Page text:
Joelle Reizes - January 7, 2013
As mentioned in a recent Daily Local News story, the demand for diagnostic testing has been increasing by 2 percent every year for the past five years. Growth for these medical and diagnostic laboratory tests are expected to increase even further by 2017, at 4.5 percent.
Combined with the 700,000 strokes that occur in the United States each year, the value and significance of preventive health screenings like those from Life Line Screening are becoming more evident. For those with risk factors that could lead to certain health conditions, like a stroke, taking the affordable route of a vascular screening could end up being life-saving if the condition is discovered early.
“A person can walk around with problems and show no symptoms,” said Dr. Andrew Manganaro, chief medical officer at Life Line Screening, in the Daily Local News article. “These problems can be identified immediately with a non-invasive ultrasound, but in general, these screenings are not covered by insurance companies because most won’t cover testing unless a person has symptoms.”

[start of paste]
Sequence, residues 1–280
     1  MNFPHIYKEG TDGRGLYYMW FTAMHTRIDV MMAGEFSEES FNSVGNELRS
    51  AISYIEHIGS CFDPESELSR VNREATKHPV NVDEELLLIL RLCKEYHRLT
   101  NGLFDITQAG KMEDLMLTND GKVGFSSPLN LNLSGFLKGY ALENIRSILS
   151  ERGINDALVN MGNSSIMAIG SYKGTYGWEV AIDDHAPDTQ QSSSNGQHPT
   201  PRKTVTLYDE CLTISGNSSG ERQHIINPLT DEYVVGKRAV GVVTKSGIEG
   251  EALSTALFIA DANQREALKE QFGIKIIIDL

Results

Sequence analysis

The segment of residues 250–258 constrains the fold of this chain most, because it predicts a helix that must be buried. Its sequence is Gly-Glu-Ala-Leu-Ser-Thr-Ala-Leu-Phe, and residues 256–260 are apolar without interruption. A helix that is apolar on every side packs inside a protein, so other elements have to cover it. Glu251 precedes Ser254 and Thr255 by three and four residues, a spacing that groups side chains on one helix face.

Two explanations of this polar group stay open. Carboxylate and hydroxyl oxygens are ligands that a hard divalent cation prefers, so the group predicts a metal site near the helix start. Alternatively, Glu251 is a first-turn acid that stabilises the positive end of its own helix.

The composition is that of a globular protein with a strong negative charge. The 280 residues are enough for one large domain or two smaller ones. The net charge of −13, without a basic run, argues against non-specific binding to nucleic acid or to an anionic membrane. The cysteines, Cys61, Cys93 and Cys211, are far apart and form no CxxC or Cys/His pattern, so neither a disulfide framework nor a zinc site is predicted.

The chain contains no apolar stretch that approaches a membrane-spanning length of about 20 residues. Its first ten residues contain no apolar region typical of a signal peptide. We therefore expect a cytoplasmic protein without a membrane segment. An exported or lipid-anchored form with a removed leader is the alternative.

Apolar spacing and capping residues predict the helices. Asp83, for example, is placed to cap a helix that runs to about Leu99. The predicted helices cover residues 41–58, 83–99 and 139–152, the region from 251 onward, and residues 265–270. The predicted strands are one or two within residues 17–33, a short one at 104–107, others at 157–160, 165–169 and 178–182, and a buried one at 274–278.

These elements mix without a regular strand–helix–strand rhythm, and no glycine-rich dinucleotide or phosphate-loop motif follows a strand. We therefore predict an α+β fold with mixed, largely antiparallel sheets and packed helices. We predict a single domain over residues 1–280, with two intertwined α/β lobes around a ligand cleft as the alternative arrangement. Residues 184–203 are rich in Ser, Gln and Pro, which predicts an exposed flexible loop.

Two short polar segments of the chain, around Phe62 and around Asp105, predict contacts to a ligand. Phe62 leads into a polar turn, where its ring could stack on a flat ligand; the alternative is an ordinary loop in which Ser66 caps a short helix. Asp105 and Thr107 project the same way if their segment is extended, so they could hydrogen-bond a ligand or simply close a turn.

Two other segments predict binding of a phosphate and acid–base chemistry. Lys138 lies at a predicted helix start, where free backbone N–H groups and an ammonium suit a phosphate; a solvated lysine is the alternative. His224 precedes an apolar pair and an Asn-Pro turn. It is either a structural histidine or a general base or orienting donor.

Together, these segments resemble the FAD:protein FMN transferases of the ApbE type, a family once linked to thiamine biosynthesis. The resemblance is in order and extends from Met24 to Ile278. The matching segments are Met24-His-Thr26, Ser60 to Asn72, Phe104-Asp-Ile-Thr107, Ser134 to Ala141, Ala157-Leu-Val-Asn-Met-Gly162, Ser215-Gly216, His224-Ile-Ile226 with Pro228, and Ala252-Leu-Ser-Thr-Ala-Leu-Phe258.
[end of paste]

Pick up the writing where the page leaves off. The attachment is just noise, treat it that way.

Seeking a diagnostic ultrasound from a physician without the ability to have it covered by insurance, therefore, can be quite expensive. It can cost thousands of dollars. The alternative? Seeking a health screening from Life Line Screening, who offers a variety of tests starting at $139, significantly more affordable than the cost of testing through a hospital.
“These are screenings, not diagnostic exams,” Manganaro said, “so the savings can be passed on to the patient.”
It’s important to note, however, that not everyone is a suitable candidate for preventive health screenings. For those with specific risk factors, screenings make more sense and can be beneficial.
“If you’re a man who’s a smoker, age 65 or older, and have hypertension, screening for an abdominal aortic aneurysm makes sense,” Manganaro said. “In women, the risk is very low…so…[f]or a woman who has normal blood pressure and doesn’t smoke, that screening makes no sense. Patients should always talk to their doctor first to see if a screening is worth doing.”